1. Take your shoes off when entering a house.
As a foreigner in Japan, there are certain customs and traditions that you will have to get used to. One of these is taking your shoes off before entering a house. This is because the Japanese people don’t want the dirt and dust from outside to be brought in.
Most houses in Japan have a small area called a genkan where shoes can be removed and slippers put on. Slippers must be removed when entering a tatami room, where socks are the preferred footwear.
2; Slippers for toilets
One law is the use of special slippers for going to the toilet. These slippers, which are often inscribed with a word or image to make them stand out, are meant to be used specifically in the bathroom. To use them, simply change your house slippers to your toilet slippers, do the right thing, then change back before you leave. Sounds simple, doesn’t it?
I guarantee that at some point during your trip, you’ll forget to change back into your house slippers and you’ll be caught walking through a house or restaurant in the offending footwear. Don’t worry, most Japanese people are quite accommodating about this cultural difference. It will be considered a source of amusement rather than serious rudeness.
3; Using public restrooms
When it comes to using public restrooms, the Western world typically adheres to the queuing system. This means that people line up one after the other and take turns using the facility. In Japan, however, people use whatever booth is available to them at any given time, regardless of who may have been waiting longer. This can seem frustrating if you’re in a hurry and end up picking a door with a sloth inside, but it is simply the local convention of luck of the draw.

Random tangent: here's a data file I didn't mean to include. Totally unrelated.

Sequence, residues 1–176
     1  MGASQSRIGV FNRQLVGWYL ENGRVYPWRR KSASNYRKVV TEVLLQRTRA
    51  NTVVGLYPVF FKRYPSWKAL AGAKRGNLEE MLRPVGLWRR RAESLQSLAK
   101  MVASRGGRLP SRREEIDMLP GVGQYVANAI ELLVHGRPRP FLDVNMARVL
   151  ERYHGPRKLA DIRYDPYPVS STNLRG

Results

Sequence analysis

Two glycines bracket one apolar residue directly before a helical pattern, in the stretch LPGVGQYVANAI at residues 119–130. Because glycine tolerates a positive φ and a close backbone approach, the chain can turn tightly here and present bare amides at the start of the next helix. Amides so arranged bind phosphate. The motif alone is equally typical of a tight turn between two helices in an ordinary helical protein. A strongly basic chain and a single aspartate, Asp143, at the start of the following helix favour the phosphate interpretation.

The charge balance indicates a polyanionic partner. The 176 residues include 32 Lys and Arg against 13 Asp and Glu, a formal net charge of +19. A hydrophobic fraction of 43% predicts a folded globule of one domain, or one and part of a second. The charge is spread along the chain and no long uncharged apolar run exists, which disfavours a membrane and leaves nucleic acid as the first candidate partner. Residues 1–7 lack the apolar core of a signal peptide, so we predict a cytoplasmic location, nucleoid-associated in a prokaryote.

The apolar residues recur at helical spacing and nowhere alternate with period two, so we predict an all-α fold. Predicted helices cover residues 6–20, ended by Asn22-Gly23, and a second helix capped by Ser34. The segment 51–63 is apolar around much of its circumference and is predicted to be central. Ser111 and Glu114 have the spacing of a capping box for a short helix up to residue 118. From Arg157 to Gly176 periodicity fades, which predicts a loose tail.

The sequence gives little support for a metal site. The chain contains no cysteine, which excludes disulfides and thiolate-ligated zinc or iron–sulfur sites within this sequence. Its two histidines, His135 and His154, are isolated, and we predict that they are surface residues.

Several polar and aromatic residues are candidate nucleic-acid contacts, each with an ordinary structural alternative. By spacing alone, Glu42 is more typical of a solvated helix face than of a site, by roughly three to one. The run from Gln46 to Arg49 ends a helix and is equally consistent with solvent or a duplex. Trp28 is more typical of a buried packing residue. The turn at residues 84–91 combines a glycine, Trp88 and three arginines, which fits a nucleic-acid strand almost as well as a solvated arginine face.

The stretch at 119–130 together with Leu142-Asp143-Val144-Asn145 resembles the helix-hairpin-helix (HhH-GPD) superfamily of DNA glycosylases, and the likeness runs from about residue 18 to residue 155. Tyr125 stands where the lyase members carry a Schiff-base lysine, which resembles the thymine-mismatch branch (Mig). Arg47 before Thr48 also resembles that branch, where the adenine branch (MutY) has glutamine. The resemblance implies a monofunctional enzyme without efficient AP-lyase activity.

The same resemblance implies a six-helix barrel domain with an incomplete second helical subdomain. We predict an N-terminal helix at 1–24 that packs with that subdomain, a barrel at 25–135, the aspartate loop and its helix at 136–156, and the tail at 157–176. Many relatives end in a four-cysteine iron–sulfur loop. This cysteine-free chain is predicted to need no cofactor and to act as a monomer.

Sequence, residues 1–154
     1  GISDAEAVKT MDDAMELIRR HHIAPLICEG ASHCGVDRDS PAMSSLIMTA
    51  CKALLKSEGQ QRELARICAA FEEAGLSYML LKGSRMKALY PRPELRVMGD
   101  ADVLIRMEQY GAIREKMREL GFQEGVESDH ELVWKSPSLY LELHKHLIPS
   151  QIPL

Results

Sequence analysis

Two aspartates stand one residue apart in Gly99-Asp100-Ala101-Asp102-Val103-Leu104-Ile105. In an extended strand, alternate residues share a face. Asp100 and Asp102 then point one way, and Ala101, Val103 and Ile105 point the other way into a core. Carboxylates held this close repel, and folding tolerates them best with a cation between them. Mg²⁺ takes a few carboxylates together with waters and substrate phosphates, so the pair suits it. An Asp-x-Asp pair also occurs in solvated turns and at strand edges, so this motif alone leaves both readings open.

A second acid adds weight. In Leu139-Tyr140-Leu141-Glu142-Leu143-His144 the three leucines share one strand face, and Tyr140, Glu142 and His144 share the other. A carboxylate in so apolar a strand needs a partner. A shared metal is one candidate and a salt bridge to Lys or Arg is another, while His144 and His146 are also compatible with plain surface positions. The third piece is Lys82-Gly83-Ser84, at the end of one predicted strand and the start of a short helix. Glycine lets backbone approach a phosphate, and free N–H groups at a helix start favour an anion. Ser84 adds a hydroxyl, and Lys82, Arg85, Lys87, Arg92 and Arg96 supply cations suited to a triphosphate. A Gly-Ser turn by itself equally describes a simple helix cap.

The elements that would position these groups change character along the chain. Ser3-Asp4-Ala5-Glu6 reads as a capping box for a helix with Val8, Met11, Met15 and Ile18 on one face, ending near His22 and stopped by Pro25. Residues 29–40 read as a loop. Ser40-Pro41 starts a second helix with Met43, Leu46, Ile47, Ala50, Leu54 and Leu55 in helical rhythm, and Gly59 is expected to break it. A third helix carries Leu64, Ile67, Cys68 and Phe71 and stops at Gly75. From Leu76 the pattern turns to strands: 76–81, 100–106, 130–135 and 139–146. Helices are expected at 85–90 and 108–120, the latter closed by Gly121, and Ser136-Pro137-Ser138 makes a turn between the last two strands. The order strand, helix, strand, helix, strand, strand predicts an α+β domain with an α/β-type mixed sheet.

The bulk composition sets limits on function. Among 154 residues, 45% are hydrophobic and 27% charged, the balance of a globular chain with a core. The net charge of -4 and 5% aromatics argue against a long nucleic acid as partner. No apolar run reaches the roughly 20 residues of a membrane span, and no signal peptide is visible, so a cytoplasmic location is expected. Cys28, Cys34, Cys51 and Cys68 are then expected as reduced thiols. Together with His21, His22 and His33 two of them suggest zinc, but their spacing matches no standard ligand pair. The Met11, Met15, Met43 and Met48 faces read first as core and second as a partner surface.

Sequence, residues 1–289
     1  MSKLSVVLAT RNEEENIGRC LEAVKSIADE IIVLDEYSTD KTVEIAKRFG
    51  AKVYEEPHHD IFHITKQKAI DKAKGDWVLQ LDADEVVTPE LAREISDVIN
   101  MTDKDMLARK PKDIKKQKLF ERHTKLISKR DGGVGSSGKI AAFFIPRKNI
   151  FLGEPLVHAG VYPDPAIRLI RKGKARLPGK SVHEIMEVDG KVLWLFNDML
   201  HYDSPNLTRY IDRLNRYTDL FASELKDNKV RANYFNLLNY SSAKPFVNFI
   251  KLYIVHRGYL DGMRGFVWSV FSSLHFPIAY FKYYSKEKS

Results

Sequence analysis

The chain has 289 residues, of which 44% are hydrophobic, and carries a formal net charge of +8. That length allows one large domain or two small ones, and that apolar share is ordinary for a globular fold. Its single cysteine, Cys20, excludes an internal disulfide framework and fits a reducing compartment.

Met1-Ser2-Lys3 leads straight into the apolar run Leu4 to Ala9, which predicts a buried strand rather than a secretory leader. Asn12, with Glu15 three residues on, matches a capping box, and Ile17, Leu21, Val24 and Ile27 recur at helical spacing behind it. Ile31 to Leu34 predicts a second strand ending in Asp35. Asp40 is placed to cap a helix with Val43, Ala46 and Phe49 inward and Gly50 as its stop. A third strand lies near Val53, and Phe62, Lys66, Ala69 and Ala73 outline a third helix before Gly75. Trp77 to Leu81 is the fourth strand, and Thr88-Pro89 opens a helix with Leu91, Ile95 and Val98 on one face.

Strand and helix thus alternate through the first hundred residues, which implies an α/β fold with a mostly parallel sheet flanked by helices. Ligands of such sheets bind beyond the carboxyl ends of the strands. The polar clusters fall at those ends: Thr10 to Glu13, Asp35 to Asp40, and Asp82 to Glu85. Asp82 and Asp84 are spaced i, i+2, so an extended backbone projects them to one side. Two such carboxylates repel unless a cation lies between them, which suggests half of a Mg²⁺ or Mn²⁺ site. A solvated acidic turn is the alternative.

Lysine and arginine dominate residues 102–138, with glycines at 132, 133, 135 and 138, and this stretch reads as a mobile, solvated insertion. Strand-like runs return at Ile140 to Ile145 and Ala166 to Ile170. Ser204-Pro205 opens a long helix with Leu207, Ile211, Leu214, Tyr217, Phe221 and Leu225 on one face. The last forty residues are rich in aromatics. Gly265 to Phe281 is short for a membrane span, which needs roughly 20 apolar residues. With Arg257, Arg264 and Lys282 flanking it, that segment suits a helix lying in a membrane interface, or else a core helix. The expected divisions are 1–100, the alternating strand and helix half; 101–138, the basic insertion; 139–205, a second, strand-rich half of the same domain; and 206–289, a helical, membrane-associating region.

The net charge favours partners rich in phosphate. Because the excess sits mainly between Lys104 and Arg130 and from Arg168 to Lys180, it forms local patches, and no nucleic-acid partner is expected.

4; Traditional Japanese style toilets
If you’re lucky, you may never have to use a traditional Asian squat toilet. But if you do, here are some tips to make the experience a bit less daunting.
First, bend your knees and mount up. Be careful not to lose your balance. Then, use your hands to guide you and do your business. Although it is rare, sometimes toilet paper might not be provided at some places, so it may be a good idea to always have a pack of tissues in your pocket.
When you’re finished, be sure to clean up any messes you may have made. Use water from the sink if available, or take some toilet paper with you to use as makeshift wipes. Finally, flush the toilet and wash your hands thoroughly.
5; Rice is a Japanese starchy staple that is served at all meals. Contrary to Western tastes, soy sauce is not meant to be poured directly over the rice. If you need extra flavour, dip a piece of rice in soy sauce or another spread sauce. Do not pour soy sauce directly over the tofu – this will make it very salty.
In Japan rice is important and is considered to the main dish of meals.
6. Age of consent in Japan is so low.
Recently the legal age of consent in Japan has been talked aboutwidely on the internet. The age of consent is 13, which is set by Japanese Penal code. Having said so, this is rather a de jure age and the de fact age of consent is 18 because of other laws implemented over the last two decades. Japanese government has been under criticism as the age of consent is so low compared with other nations on the globe and now they are considering changing it to 16.
7. Legal age for majority is 18 now.
The low has recently been revised and the age of majority in Japan is now 18 yeas old. It used to be 20 until very recently and there has been many confusions. The legal age for smoking and drinking, however, is still 20 years old.